For more information, log on to- http://shomusbiology.com/ Download the study materials here- http://shomusbiology.weebly.com/bio-materials.html Mass spectrometry (MS) is an analytical technique that produces spectra (singular spectrum) of the masses of the molecules comprising a sample of material. The spectra are used to determine the elemental composition of a sample, the masses of particles and of molecules, and to elucidate the chemical structures of molecules, such as peptides and other chemical compounds. Mass spectrometry works by ionizing chemical compounds to generate charged molecules or molecule fragments and measuring their mass-to-charge ratios.[1] In a typical MS procedure, a sample, which may be solid, liquid, or gas, is ionized. The ions are separated according to their mass-to-charge ratio.[1] The ions are detected by a mechanism capable of detecting charged particles. Signal processing results are displayed as spectra of the relative abundance of ions as a function of the mass-to-charge ratio. The atoms or molecules can be identified by correlating known masses to the identified masses or through a characteristic fragmentation pattern. A mass spectrometer consists of three components: an ion source, a mass analyzer, and a detector.[2] The ionizer converts a portion of the sample into ions. There is a wide variety of ionization techniques, depending on the phase (solid, liquid, gas) of the sample and the efficiency of various ionization mechanisms for the unknown species. An extraction system removes ions from the sample, which are then trajected through the mass analyzer and onto the detector. The differences in masses of the fragments allows the mass analyzer to sort the ions by their mass-to-charge ratio. The detector measures the value of an indicator quantity and thus provides data for calculating the abundances of each ion present. Some detectors also give spatial information, e.g. a multichannel plate. Mass spectrometry has both qualitative and quantitative uses. These include identifying unknown compounds, determining the isotopic composition of elements in a molecule, and determining the structure of a compound by observing its fragmentation. Other uses include quantifying the amount of a compound in a sample or studying the fundamentals of gas phase ion chemistry (the chemistry of ions and neutrals in a vacuum). MS is now in very common use in analytical laboratories that study physical, chemical, or biological properties of a great variety of compounds. As an analytical technique it possesses distinct advantages such as: 1. Increased sensitivity over most other analytical techniques because the analyzer, as a mass-charge filter, reduces background interference 2. Excellent specificity from characteristic fragmentation patterns to identify unknowns or confirm the presence of suspected compounds. 3. Information about molecular weight. 4. Information about the isotopic abundance of elements. 5. Temporally resolved chemical data. A few of the disadvantages of the method is that often fails to distinguish between optical and geometrical isomers and the positions of substituent in o-, m- and p- positions in an aromatic ring. Also, its scope is limited in identifying hydrocarbons that produce similar fragmented ions.[3] Source of the article published in description is Wikipedia. I am sharing their material. Copyright by original content developers of Wikipedia. Link- http://en.wikipedia.org/wiki/Main_Page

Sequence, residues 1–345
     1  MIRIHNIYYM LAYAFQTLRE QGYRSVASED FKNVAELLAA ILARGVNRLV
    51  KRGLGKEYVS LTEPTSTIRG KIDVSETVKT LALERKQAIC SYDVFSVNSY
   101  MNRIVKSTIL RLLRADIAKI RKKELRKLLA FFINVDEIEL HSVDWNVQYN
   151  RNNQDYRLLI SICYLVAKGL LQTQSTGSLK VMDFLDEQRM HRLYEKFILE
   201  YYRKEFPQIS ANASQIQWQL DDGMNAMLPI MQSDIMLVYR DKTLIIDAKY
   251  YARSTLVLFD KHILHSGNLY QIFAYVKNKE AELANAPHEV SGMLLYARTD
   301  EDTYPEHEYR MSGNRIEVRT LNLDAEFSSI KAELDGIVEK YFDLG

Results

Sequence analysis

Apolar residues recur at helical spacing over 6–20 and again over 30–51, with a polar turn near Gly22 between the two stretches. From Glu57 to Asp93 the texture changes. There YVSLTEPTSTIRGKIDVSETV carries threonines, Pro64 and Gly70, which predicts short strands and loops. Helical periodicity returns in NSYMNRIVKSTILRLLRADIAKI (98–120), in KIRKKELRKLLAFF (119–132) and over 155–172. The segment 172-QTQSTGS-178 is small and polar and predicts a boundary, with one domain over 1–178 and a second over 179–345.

Views: 239105 Shomu's Biology